What is most important is Adoration
Why we go to the temple
Friday, 22 November 2013
(by L'Osservatore Romano, Weekly ed. in English, n. 48, 29 November 2013)
In his homily at Holy Mass, Pope Francis commented on the Readings of the day taken from 1 Maccabees (4:36-37, 52-59), which recounts Judas Maccabeus’ rebuilding of the temple and the Gospel of Luke, which recounts Jesus’ cleansing of the temple (19:45-48).
“The temple is a place of reference for the community, for the People of God”, the Pope said. “It began with the ark, then Solomon built the temple in Jerusalem, and then it became a living temple: Jesus Christ, the Temple. And it shall end in glory in the heavenly Jerusalem”.
Turning to the first Reading, the Pope noted that the essential meaning of Judas Maccabeus’ act was “to reconsecrate the temple so that there glory might be offered to God”. The Pope said: “The temple is the place where the community goes to pray, to praise the Lord, to give thanks, but above all to adore: the Lord is adored in the temple. And this is the most important point. This is also true for liturgical ceremonies: in this liturgical ceremony, what is most important? The songs, the rites, they are all beautiful... but what is most important is adoration: the whole community together looks at the altar where the sacrifice is celebrated and adores”.
He then asked: “Are our temples places of adoration? Do they foster adoration? Do our liturgical celebrations foster adoration?”. Judas Maccabeus and the people “were zealous for God’s temple because it was the house of God, God’s dwelling place, and they went as a community to find God there, they went to adore”.
Turning then to the Gospel of Luke, the Pope said: “Jesus also cleanses the temple, but he does it with whip in hand. He drives out pagan attitudes, in this case of the merchants who bought and sold and had transformed the temple into a series of little shops where they changed money. Jesus cleanses the temple, admonishing: It is written, ‘My house shall be a house of prayer’. He said nothing else. The temple was a sacred place. And we should enter there, in the sacredness that leads us to prayer”.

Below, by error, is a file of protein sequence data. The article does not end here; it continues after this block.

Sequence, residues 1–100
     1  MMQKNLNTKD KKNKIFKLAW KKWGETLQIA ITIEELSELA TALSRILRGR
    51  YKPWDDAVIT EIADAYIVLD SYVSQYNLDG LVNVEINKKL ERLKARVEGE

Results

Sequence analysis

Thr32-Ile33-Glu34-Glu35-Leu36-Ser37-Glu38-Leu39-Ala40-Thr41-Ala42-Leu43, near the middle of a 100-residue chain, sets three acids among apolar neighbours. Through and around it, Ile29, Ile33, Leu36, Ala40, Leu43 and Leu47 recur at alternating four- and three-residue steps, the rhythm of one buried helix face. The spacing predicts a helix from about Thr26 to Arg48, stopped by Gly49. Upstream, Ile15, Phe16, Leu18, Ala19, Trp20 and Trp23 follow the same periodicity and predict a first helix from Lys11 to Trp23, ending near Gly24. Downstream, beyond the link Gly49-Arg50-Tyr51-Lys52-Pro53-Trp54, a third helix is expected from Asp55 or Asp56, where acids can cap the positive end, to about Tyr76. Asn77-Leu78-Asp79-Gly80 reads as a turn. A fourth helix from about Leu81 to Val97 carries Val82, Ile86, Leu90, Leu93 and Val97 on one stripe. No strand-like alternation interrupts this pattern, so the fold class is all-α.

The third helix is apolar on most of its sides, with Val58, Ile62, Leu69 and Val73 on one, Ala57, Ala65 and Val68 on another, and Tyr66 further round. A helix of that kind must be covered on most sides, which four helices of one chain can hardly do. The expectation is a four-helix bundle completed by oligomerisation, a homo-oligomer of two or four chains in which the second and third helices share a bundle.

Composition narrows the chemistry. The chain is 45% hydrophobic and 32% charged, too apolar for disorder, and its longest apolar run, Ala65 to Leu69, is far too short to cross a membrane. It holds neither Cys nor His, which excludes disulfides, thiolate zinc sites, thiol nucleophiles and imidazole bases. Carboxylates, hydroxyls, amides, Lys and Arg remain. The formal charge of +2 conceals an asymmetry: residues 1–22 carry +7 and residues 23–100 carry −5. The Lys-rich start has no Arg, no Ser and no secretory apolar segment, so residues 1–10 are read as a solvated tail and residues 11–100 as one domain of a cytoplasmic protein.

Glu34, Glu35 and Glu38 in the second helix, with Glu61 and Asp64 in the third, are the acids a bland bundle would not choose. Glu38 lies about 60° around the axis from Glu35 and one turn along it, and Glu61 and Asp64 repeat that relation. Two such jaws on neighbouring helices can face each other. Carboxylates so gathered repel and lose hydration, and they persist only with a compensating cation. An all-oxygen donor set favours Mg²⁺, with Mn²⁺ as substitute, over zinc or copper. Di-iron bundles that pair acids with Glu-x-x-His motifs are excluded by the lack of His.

The Pope continued: “St Paul tells us that we are temples of the Holy Spirit. I am a temple. The Spirit of God is within me. And he tells us: ‘Do not sadden the Spirit of the Lord that is within you’! And perhaps also here we cannot speak of adoration, but of a type of adoration that takes place in the heart of a person who seeks the Spirit of the Lord within himself and knows that God is within him, that the Holy Spirit is within him. He listens and follows”.
“We too need to be continually purified through prayer, penance, and through the Sacraments of Reconciliation and the Eucharist,” the Holy Father added. Thus “in these two temples — the physical temple which is a place of adoration, and the spiritual temple within me where the Holy Spirit dwells — our disposition should be one of true piety that adores and listens, that prays and asks pardon, that praises the Lord”. The Pope then added: “when we speak of the joy of the temple, what we are speaking about is this: the whole community in adoration, in prayer and thanksgiving, in praise. In prayer with the Lord who is within me, since I am a temple; while I stand listening, ready and available”.
Pope Francis concluded his homily by inviting those present to pray that the Lord “might grant us true understanding of the meaning of the temple, so that we might grow in lives of adoration and listening to God’s Word”.